Farmworker conference set for Caldwell

Sonnay Alvarez of the Community Council of Idaho says an upcoming conference at the College of Idaho in Caldwell will focus on issues related to farmworkers.

An event that aims to show appreciation for southwest Idaho farmworkers while providing access to free medical and hearing screenings, educational services and other information is slated for Oct. 21 in Caldwell.

The first AgroFiesta, from noon to 4 p.m. Mountain time at O’Connor Field House, 2207 Blaine St., is intended to celebrate and thank farmworkers across the Treasure Valley, co-sponsor Community Council of Idaho said in a release.

Families and individuals who show proof of agricultural employment, such as a pay stub, will get in free. The event will feature food, entertainment and booths with information about various programs that may benefit farmworkers and their families.

“They contribute so much to the community in general,” Community Council spokeswoman Sonnay Alvarez said in an interview. “And as far as food and the economy, they contribute a lot.”

Most farmworkers do strenuous work to provide for their families, who also contribute to their communities, she said.

Estimated agricultural employment in Idaho averages 50,040 per month, down by 2.8 percent from last year, Idaho Department of Labor figures show. The typical high is in October, which is projected to be 61,555 this year compared to 61,127 in 2017. About 74 percent are hired, 25 percent operator-supplied and 1 percent unpaid family.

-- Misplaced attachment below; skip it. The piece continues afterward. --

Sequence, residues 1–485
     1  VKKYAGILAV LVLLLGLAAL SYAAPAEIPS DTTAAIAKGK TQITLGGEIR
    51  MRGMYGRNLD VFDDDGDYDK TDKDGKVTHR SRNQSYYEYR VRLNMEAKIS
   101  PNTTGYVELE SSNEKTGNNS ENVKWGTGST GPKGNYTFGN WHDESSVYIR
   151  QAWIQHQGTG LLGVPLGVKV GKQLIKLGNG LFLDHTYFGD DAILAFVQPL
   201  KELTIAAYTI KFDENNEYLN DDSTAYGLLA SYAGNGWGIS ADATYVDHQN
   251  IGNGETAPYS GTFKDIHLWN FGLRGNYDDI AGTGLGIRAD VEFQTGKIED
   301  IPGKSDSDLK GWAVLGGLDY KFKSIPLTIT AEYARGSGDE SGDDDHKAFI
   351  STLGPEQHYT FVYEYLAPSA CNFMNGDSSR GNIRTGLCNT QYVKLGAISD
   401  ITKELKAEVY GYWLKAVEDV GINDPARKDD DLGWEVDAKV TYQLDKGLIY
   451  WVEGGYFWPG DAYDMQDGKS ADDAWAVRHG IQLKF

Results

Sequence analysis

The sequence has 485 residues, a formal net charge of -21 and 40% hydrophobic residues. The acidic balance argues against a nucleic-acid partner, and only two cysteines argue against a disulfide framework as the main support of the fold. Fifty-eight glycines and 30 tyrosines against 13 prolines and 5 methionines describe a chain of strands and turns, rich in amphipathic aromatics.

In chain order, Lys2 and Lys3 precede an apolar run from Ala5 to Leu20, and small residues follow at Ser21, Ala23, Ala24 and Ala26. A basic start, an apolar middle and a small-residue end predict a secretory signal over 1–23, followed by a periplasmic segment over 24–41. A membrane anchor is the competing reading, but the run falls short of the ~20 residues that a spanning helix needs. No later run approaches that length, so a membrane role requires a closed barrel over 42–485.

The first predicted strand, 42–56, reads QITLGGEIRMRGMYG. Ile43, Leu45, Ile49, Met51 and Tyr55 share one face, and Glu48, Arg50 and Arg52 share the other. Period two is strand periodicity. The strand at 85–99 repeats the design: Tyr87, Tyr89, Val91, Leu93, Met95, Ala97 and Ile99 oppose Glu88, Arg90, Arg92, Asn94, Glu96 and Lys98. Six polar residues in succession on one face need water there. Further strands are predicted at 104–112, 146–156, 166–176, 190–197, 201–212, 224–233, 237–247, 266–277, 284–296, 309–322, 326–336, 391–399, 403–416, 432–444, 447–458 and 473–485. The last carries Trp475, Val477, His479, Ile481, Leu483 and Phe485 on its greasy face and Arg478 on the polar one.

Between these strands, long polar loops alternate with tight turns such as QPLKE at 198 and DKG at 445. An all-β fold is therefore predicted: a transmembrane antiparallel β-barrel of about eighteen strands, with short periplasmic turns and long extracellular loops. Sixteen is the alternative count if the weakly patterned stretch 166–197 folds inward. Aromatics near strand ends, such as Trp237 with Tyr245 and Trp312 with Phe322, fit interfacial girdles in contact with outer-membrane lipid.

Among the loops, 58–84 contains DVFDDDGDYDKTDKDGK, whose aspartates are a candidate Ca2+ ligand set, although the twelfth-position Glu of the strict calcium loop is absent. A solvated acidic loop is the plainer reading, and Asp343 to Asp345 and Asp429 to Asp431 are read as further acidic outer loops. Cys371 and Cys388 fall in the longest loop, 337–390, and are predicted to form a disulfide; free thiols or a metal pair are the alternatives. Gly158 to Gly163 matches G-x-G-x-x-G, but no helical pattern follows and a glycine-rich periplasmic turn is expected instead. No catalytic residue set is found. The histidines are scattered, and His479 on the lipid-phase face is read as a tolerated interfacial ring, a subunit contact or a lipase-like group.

Jennifer Uranga owns Mountain West Ag Consulting and is H-2A foreign guestworker manager for the Marsing Ag Labor Sponsoring Committee.

“It is a great outreach opportunity for the workers and the Community Council,” she said of AgroFiesta. “For the workers, whether they are foreign or domestic, it’s a great opportunity to step away from the farm and enjoy.”

Health screenings and information are an important aspect of the event, Uranga said. Most farmworkers are not covered by health insurance, because they are seasonal or because they opt out due to a lack of affordability. “It hits home for seasonal farmworkers who may be making $12 an hour or less,” she said.

Employee turnover continues to challenge farmers, many of whom have raised pay to stay competitive with other job opportunities, such as construction work or even different work within agriculture, she said.

Alvarez said a farmworker appreciation event was held in previous years but lost focus as it grew. AgroFiesta will strive for a celebratory atmosphere while emphasizing services that can benefit farmworkers and their families, she said.

She said Caldwell-based Community Council of Idaho in 2017 housed 83 farmworker families in five locations in southern Idaho. The organization also has health clinics, immigration-related legal services, employment and training services and an educational unit that includes 10 Head Start preschool sites.

Other event sponsors include the Idaho Department of Labor, the Mexican Consulate in Boise, Family Medicine Health Center, Boise State University’s high school equivalency program, the Nampa School District migrant education program and Center for Community and Justice.

Additional sponsor support is sought, Alvarez said.

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